Yale Global, 8 Aug 2013, John Negroponte: "Nation-states are increasingly attempting to regulate social, political and economic activity and content in cyberspace and, in many cases, suppress expression they view as threatening. Justifying their actions by claiming to protect children or national security, more than 40 governments have erected restrictions of information, data and knowledge flow on the internet. Censoring the internet takes many forms including censorship of opinions (Vietnam, Saudi Arabia); censorship of specific websites or ISPs (Australia, Pakistan, Russia); censorship of specific information (China, Germany); demanding information be taken down (France, Singapore); demanding users’ IP addresses (more than 50 countries); and erecting regulatory barriers to cross-border, information flow (Brunei and Vietnam). More drastically, others including Iran, China, Saudi Arabia and Russia have considered building national computer networks that would tightly control or even sever connections to the global internet. ... The open, global internet is unlikely to continue to flourish without deliberate action to promote and defend it. Political, economic and technological forces are seeking to splinter the internet into something that looks more like national networks, with each government controlling its own domestic sphere as well as the flow of data and information among countries." With link to CFR white paper on the same subject.

Sky News Arabia sharing "expertise and reports" with Voice of Lebanon.

Posted: 11 Sep 2013   Print   Send a link
Rapid TV News, 5 Sept 2013, Rebecca Hawkes: "UAE-based TV broadcaster Sky News Arabia has teamed up with the Voice of Lebanon radio station to share expertise and reports. ... Sky News Arabia is available on free-to-air satellite on transponder 15 of Arabsat Badr 4, transponder 14 on Nilesat 201, and online. It can also be watched on IPTV in the UAE on either Etisalat's eLife service or Du TV, or the OSN pay-TV platform across the Arab world. A 50:50 joint venture between the UK's BSkyB and Sheikh Mansour bin Zayed's Abu Dhabi Media Investment Corporation (ADMIC), the channel has been broadcasting rolling news in Arabic since May 2012." -- Despite a susbstantial investment of money and fanfare, we don't see many mentions of Sky News Arabia, nor any evidence that it is mounting any sort of ratings challenge to Al Jazeera or Al Arabiya among Arabic-speaking news viewers.

BBC Burmese now on the FM band in Burma.

Posted: 11 Sep 2013   Print   Send a link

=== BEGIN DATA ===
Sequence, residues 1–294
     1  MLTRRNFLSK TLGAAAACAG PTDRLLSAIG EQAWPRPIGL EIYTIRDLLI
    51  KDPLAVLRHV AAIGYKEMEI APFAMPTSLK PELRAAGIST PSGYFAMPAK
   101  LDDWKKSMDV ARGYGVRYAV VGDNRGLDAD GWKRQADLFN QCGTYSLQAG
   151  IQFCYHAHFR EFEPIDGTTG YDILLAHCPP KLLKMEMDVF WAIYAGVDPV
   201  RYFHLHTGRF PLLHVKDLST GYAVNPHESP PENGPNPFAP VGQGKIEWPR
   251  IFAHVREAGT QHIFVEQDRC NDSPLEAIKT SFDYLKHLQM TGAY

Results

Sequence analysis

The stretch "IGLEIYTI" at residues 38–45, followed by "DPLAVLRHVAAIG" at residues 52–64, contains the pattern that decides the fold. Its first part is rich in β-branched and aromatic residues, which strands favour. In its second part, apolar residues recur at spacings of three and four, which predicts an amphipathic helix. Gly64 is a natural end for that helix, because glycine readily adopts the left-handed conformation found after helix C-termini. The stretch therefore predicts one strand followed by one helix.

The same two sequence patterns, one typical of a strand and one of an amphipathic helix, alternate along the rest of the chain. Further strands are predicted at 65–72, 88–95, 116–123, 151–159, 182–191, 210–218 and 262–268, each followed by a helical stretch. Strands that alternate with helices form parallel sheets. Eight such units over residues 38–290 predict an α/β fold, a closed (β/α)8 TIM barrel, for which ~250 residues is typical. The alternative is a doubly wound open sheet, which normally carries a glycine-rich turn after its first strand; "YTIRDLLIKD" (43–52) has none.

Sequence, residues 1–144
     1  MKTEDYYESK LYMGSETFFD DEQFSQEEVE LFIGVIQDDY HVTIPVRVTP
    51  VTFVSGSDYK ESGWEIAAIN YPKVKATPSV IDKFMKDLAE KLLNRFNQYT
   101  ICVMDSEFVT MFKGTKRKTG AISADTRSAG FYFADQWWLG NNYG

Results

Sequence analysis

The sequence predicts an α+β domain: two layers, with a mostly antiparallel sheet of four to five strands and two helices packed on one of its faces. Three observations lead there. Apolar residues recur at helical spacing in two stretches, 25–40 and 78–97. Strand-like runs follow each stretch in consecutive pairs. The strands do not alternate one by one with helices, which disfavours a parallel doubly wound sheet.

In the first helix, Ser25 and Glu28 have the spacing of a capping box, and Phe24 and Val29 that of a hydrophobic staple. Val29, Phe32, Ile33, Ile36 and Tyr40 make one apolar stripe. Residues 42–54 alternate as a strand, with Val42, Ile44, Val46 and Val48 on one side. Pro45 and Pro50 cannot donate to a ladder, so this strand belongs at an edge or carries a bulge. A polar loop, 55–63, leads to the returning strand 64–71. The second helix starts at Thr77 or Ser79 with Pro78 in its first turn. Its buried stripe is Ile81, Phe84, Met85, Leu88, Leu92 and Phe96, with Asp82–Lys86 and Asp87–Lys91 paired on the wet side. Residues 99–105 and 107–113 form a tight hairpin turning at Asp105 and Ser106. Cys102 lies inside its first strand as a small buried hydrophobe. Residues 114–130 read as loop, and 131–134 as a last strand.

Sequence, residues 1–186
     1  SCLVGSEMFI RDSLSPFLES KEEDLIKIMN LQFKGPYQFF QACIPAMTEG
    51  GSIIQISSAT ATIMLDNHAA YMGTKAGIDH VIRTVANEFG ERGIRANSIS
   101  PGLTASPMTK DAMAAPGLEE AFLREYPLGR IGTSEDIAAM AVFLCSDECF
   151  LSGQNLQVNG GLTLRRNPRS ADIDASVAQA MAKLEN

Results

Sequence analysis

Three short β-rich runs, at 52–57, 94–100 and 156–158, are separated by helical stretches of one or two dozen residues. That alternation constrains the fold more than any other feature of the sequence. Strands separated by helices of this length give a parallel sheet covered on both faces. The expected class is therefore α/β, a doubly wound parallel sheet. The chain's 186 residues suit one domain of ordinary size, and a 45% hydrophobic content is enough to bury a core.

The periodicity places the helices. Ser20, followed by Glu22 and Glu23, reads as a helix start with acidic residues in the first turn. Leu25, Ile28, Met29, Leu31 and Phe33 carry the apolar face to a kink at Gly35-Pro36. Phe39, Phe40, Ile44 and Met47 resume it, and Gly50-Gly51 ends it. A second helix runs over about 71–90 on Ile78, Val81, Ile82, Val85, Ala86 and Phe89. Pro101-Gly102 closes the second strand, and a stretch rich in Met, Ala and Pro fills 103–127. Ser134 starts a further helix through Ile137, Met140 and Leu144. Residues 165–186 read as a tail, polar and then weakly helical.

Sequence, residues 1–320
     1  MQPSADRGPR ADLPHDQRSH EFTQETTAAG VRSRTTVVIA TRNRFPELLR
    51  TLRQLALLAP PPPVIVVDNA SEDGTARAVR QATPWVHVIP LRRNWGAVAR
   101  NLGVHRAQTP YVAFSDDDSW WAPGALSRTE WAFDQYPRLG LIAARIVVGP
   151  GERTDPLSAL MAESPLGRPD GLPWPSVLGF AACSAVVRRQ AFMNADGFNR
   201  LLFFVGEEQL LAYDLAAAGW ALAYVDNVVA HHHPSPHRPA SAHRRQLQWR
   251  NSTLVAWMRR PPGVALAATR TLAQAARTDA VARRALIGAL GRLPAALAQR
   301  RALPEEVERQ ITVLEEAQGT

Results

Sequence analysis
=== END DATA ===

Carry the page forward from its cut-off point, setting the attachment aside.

BBC World Service press release, 30 Aug 2013: "BBC Burmese radio programmes - Mobigeno (Mobile Generation) and the English learning series Flatmates - will now be available for listening on FM in Burma (Myanmar), thanks to a re-broadcasting agreement with the country’s leading radio network, Padamyar FM. This is a first for the BBC in Burma. The Padamyar FM network, which is available in 120 towns across Burma, will now re-broadcast two BBC Burmese programmes which have a special appeal to younger audiences." -- Previously, BBC Burmese could reach Burma only via shortwave, satellite, and Internet.

NHK World expands distribution in Australia, Israel, Middle East.

Posted: 11 Sep 2013   Print   Send a link
Kyodo, 10 Sept 2013: "NHK said Tuesday its English-language channel NHK World TV is being shown in Australia and Israel through contracts with local broadcasters. The channel, which features news and lifestyle programs from Japan, began broadcasting on Australia’s largest satellite TV provider, Foxtel, on Sept. 3, and on Israeli cable television provider Hot on Sept. 1. Since it was started in April, NHK World TV has been picked up in Los Angeles, Britain, Tanzania and regions in the Middle East and North Africa. With the addition of 1.6 million households in Australia and 600,000 more in Israel, the channel is now available to about 265 million households worldwide, NHK said."

Broadband TV News, 3 Sept 2013, Robert Briel: "Japan International Broadcasting (JIB) has announced that NHK World TV is now available in the Middle East and North Africa region through Nilesat 201 on the OSN DTH platform." See Lyngsat list of OSN package channels.

Al Jazeera America may still have more detractors than viewers.

Posted: 10 Sep 2013   Print   Send a link
Media Bistro, 27 Aug 2014, Alex Weprin: "Al Jazeera America launched last week, and we have the ratings from Nielsen for its first few days. Not surprisingly given the low-rated channel it replaced (Current TV), and the fact that it lost a few million homes from AT&T before launch (it is currently in just over 40 million homes), AJAM’s launch ratings were pretty low by traditional cable news standards. The highest rated show on AJAM last week was the Thursday evening edition of 'Real Money with Ali Velshi,' which drew 54,000 total viewers."

The Wrap, 27 Aug 2013, Sara Morrison: "Though the Nielsen numbers are low (too low to accurately report, in some cases), the cable channel told TheWrap that the results are 'consistent with Al Jazeera America’s growth-oriented strategy, including beginning our marketing campaign at launch' and all indications say the audience will build. In other words, there's nowhere to go but up."